Definition

Atorvastatin (INN) is a member of the drug class known as statins, used for lowering cholesterol and thereby reducing cardiovascular disease. Atorvastatin inhibits a rate-determining enzyme located in hepatic tissue used in cholesterol synthesis, which lowers the amount of cholesterol produced. This also has the effect of lowering the total amount of LDL cholesterol; Atorvastatin is a member of the drug class known as statins, used for lowering cholesterol and thereby reducing cardiovascular disease. Atorvastatin inhibits a rate-determining enzyme located in hepatic tissue used in cholesterol synthesis, which lowers the amount of cholesterol produced. This also has the effect of lowering the total amount of LDL cholesterol; As with other statins, atorvastatin is a competitive inhibitor of HMG-CoA reductase. Unlike most others, however, it is a completely synthetic compound. HMG-CoA reductase catalyzes the reduction of 3-hydroxy-3-methylglutaryl-coenzyme A (HMG-CoA) to mevalonate, which is the rate-limiting step in hepatic cholesterol biosynthesis. Inhibition of the enzyme decreases de novo cholesterol synthesis, increasing expression of low-density lipoprotein receptors (LDL receptors) on hepatocytes. This increases the LDL uptake by the hepatocytes, decreasing the amount of LDL in the blood. [HMDB]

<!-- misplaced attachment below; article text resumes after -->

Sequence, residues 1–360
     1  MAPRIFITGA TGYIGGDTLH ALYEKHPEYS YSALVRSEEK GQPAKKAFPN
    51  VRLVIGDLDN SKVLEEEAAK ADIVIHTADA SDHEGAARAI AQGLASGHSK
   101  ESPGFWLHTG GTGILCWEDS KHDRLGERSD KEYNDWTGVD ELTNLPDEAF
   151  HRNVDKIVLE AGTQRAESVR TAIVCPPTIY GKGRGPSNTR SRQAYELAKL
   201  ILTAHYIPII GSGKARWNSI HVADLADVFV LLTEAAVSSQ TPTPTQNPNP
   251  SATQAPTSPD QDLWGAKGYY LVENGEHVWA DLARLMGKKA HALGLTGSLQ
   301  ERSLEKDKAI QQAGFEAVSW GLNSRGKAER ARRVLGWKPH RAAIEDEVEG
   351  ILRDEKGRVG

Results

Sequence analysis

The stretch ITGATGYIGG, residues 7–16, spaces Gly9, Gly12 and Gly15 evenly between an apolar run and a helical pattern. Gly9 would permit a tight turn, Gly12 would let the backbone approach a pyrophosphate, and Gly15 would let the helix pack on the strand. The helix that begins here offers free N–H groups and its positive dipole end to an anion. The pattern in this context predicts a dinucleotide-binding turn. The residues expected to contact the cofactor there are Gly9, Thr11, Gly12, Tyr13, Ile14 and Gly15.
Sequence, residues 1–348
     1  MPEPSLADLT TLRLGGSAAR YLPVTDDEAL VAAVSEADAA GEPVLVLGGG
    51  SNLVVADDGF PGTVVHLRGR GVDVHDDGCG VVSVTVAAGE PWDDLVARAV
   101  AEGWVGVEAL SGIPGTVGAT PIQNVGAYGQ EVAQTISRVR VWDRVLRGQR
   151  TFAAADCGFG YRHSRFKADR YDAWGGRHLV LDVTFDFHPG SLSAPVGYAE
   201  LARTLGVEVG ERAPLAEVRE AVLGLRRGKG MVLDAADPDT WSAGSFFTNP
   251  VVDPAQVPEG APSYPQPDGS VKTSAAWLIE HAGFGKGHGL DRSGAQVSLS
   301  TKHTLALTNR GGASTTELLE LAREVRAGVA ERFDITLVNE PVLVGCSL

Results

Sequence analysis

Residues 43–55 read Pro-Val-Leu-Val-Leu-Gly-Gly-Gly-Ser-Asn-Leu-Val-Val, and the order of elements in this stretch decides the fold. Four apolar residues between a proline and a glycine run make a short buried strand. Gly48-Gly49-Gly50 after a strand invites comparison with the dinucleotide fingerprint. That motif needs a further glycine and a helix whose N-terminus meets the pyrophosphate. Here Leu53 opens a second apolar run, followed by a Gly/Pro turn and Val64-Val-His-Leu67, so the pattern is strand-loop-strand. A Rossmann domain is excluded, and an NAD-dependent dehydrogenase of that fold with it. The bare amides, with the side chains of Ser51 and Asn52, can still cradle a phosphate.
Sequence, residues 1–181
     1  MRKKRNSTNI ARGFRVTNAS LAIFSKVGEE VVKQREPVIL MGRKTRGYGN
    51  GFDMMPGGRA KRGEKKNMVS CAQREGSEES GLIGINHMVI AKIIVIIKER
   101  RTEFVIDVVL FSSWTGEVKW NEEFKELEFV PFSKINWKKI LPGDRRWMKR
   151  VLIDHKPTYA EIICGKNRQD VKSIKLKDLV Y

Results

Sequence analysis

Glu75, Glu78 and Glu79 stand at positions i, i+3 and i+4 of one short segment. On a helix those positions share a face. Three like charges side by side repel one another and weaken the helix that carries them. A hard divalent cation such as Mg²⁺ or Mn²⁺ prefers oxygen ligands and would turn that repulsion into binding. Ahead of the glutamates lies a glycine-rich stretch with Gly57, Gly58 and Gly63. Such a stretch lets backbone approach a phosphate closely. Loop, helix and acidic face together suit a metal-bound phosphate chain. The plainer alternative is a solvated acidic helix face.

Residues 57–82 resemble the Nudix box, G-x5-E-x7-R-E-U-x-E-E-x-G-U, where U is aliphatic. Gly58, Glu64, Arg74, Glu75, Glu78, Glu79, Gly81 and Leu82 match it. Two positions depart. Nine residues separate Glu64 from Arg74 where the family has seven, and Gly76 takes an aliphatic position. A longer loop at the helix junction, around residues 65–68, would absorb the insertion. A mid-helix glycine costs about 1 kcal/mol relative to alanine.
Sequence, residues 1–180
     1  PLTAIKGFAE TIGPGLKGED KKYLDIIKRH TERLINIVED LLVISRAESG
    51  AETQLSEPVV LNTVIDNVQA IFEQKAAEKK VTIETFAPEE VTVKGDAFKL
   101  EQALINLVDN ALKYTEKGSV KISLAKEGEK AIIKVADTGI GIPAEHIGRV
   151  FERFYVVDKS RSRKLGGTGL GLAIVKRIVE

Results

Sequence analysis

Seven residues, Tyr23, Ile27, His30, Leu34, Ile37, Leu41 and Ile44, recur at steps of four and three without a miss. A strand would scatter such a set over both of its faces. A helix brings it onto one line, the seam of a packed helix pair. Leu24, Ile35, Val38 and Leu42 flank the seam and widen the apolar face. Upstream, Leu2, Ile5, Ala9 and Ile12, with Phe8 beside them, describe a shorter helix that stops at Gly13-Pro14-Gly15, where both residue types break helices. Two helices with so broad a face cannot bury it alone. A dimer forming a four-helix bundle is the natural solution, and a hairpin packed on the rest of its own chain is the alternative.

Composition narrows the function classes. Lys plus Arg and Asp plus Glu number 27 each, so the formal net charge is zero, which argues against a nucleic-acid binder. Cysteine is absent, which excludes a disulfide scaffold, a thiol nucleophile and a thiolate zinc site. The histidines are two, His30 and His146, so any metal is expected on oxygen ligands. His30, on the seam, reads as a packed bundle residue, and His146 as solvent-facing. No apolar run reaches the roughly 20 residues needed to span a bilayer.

Description

Atorvastatin (Lipitor) is a member of the drug class known as statins. It is used for lowering cholesterol. Atorvastatin is a competitive inhibitor of hydroxymethylglutaryl-coenzyme A (HMG-CoA) reductase, the rate-determining enzyme in cholesterol biosynthesis via the mevalonate pathway. HMG-CoA reductase catalyzes the conversion of HMG-CoA to mevalonate. Atorvastatin acts primarily in the liver. Decreased hepatic cholesterol levels increases hepatic uptake of cholesterol and reduces plasma cholesterol levels.

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General Information

Toxicity

Mechanism of Action